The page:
How do I stop my pastry from shrinking? The Never Cook Naked Guys help a reader who suffers the disappointment of rolling out a gorgeous pie crust only to have it shrink in the oven. Let their advice guide you to your own pert and perky pie crusts.
Pert Pastry Tarts
Dear Never Cook Naked Guys: How can I get my fluted piecrusts and pastry for tarts to maintain their pert shape during baking?—Shrinking Violet
Dear Shrinking: We hear your pain. We, too, have seen that water can shrivel the best of intentions. A dip in the pool after dinner and the night’s ruined. Once we were at this jazzy little hotel when….
Oh, wait, we’re talking about piecrusts. Well, the same thing, really. The problem is still water—too much of it makes things shrink. Here’s how to fix this little problem. Add as small an amount of water (or other liquid) to the dough as possible. Most pie crust recipes involve a rather inexact measurement of liquid—for example, between 3 and 5 tablespoons cold water. Start with the minimum of 3. Not even 3 1/2. See if the dough will adhere. If not, add more water in teaspoon increments until your dough holds together. You don’t want glue. You want just enough moisture to hold the gluten together. A corollary to this solution is to recognize that adding butter to a piecrust is essentially adding water, given that butter is about 20 percent H2O, whereas vegetable shortening and lard contain no additional water. So be even more judicious in adding water to all-butter crusts, since there’s already moisture in the mix, or use a combo of butter and shortening or lard to minimize moisture.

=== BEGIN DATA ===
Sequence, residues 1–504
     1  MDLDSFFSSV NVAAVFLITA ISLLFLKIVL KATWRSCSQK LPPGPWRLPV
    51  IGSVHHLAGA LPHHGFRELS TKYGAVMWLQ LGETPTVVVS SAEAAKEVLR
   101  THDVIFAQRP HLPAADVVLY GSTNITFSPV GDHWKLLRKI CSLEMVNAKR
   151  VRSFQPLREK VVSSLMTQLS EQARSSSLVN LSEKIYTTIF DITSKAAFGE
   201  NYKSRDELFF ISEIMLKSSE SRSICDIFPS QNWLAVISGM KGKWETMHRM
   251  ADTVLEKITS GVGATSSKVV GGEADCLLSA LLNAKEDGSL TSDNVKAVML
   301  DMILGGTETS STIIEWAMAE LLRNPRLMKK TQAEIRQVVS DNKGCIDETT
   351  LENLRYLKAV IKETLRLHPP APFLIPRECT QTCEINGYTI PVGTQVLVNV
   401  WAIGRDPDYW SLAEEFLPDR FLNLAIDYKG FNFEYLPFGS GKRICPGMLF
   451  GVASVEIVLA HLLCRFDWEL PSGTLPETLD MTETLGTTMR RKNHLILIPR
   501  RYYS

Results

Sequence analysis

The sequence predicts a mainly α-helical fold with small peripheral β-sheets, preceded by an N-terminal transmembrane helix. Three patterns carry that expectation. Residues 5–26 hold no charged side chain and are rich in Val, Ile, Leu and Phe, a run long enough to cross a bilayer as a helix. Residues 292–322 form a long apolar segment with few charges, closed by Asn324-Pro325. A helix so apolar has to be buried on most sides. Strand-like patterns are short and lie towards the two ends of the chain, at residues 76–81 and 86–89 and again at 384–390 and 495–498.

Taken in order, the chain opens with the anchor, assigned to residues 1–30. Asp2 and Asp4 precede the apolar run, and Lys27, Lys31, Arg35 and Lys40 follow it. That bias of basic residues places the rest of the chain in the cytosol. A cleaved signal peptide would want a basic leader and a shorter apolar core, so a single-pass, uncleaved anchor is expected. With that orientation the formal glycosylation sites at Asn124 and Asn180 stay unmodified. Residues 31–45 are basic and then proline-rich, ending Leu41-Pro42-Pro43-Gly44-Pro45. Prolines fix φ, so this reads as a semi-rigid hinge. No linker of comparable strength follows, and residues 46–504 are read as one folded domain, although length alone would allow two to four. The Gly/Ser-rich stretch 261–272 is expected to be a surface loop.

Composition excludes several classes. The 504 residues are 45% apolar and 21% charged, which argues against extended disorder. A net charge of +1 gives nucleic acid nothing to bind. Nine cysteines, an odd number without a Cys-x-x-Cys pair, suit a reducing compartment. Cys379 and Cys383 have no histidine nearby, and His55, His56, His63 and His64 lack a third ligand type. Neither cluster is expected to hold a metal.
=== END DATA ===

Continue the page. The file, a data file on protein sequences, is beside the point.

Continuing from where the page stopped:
While you’re at it, use cold water when building a crust, as you’re also trying to slow the melting of the fat as the crust sets in the oven. Too much melting can also create slouchy crusts.
As to that other problem with water, just book a room in a hotel without a pool. And don’t eat too much pie. That can kill the mood, too.
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Originally published November 18, 2021